I got to thinking this morning that there are so many uninteresting conversations about AI taking place in higher education. I'm talking about the ones that are built around the question of how to tell if students are using AI. First off, the framing of wondering if students are using AI is a real snoozefest. I work with both faculty/staff and student learners, and let me tell you, students are not the only ones using AI in questionable ways. But anyway, I don't invest too much time, if any, in wondering about this, because at the end of the day, I can never, not ever, really know if someone has used AI. I can suspect the heck out of it, but the reality of this tool that we've created for ourselves is that we can never know if someone used it. Period!
Wondering, then, about whether someone used AI feels like a massive waste of time. It reminds me a heck of a lot of the years I spent trying to get an addict in my life sober. In recovery, we learn to stop investing our time in things over which we have no control. I'm coming up on seven years of sobriety. I'm not about to trade addiction to substances for addiction to wondering about who is using AI. Hard pass.
A more interesting question, I think, starts there, from the reality that we can never know. Isn't that what this AI frenzy is really about? It's about a bunch of people who work in a field that has told them over and over that if they study something hard enough they'll understand it. It's about these people realizing that this is not true of all things, and some days I wonder if it's true about anything.
Some things are not knowable. Some things are mysteries that we will never solve. Some things can only be felt, wished upon, or held, but never known. What is AI? Not that.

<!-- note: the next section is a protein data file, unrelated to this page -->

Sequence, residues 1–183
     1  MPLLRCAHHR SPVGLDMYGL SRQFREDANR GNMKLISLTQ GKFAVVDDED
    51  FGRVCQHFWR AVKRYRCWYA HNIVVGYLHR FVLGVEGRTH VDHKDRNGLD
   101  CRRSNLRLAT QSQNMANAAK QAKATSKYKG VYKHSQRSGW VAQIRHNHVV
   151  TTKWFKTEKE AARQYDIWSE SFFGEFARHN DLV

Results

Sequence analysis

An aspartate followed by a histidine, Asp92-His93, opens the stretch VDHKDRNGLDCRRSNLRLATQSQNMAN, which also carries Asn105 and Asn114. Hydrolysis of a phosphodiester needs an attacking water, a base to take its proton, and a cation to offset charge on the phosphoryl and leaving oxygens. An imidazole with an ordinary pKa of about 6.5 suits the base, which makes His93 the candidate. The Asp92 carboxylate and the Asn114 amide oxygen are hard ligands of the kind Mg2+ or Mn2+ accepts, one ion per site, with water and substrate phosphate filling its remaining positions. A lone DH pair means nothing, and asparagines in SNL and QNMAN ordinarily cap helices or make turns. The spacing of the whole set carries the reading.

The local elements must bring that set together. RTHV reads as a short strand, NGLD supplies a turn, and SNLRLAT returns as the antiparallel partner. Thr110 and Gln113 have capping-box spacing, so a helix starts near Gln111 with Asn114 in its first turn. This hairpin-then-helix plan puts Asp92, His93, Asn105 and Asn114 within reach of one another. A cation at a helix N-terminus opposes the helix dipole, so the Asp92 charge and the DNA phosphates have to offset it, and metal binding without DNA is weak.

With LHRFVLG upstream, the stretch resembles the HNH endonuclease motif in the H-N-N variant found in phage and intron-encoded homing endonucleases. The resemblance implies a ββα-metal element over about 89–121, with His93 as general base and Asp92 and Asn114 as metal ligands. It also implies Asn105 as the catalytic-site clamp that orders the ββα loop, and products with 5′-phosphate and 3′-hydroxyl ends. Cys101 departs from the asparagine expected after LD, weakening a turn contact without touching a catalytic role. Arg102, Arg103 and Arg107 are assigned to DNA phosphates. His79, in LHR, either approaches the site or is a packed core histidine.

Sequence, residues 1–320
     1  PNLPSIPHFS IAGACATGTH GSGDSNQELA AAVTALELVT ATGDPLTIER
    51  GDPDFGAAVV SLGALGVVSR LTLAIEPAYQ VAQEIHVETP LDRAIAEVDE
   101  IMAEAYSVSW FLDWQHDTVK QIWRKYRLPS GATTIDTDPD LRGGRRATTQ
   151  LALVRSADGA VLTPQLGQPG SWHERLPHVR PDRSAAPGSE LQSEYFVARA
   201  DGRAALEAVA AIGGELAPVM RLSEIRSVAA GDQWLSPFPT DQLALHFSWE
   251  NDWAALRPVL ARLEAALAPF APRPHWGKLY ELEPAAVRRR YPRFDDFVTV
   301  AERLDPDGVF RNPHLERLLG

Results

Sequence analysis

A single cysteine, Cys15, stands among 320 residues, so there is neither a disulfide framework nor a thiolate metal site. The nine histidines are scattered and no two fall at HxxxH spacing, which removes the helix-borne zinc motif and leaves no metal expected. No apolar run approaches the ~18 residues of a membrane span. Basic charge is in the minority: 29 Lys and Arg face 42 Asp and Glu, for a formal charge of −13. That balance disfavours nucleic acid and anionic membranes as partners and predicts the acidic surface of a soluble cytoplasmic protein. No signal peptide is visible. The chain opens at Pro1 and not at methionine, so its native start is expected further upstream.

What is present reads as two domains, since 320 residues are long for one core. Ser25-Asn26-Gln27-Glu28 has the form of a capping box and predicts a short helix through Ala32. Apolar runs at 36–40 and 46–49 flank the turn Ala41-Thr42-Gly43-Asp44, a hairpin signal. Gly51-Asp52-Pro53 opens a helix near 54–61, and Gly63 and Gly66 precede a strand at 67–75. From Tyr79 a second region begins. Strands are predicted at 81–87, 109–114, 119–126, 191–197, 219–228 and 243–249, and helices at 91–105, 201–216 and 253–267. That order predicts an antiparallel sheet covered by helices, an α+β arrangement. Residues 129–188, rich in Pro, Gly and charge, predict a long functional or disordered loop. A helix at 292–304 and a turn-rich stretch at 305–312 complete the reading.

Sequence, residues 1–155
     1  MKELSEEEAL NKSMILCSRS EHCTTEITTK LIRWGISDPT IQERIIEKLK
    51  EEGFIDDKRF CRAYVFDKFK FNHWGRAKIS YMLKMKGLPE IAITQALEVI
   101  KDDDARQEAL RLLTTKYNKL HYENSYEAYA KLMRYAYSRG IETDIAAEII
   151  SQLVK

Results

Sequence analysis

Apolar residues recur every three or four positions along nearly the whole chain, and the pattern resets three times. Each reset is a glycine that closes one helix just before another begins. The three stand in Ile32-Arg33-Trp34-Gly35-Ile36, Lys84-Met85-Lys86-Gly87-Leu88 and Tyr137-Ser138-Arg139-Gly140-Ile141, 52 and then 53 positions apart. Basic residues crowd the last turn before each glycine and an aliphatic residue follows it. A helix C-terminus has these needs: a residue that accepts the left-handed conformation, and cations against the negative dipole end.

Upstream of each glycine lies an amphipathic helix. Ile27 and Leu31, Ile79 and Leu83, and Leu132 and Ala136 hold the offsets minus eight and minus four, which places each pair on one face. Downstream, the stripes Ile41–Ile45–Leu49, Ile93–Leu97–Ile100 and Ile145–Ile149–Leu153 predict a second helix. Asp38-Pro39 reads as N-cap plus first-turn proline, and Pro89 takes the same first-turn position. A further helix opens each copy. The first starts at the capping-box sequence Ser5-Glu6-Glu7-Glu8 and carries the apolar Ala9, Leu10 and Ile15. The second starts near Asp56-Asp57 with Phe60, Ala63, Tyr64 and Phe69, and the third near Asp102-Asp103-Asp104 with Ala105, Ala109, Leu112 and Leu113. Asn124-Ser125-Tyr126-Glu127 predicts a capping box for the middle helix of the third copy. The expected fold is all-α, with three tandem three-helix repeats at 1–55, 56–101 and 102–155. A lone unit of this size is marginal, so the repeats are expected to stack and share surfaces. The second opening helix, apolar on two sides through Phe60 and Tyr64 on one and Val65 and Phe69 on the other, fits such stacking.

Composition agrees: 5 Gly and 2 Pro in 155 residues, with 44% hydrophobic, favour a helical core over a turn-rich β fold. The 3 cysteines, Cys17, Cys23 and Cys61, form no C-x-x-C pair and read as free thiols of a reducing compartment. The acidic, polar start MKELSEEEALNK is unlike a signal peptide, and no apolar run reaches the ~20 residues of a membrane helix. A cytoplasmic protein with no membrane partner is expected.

AI is the knowable on speed.
Does anyone else see the irony that the field of higher education, the field obsessed with studying and discovering the knowable, is now in a panic about AI, a tool that can instantaneously summarize all known knowledge on any given topic?
One of my running social media jokes goes something like this: Humans...the most intelligent species...according to...humans.
The word "intelligence" in "artificial intelligence" represents the intelligence that higher education has elevated to the status of god for the past six hundred years (give or take). It is the fruits of our actions. It is the reaping of what we've sown.
So a more interesting question than "Oh my God did my student use AI to write this?!" is "Now what?" Now that we've crashed into this mirror that's shining our words and deeds back at us, what are we going to do? Now that we have to face the unknowable, what's next?
This "intelligence" of ours is the same "intelligence" that has burned and continues to burn our home. We are the only species on this planet that does this. Beloveds, the real work begins when we recognize that we are not, in fact, the most intelligent species. That all of our smarts, whether natural or artificial, have gotten us right here, on the brink of an extinction that we've caused ourselves. That these big ass brains of ours and four quarters will get us a dollar.
Now, perhaps, we turn to other ways of knowing (ways of knowing celebrated and practiced by many Tribal, Indigenous, and other marginalized peoples): Bodies. Feelings. Sensations. Guts. Hearts. Energy. Plants. Animals. Fungi. Water. Air. To our connection to the natural world, of which we are a part and always have been. A connection that we've tried to ignore and murder but that will not die, that will persist as long as there is breath in any one human body.
What is AI? It's the fruit on the vine of the tree that we planted and watered while we tore every other tree from the ground and burned entire forests.
So now what?
Now that — that's a conversation about AI I'd like to have.
I've noticed the word "innocent" showing up a lot in the discourse this past week.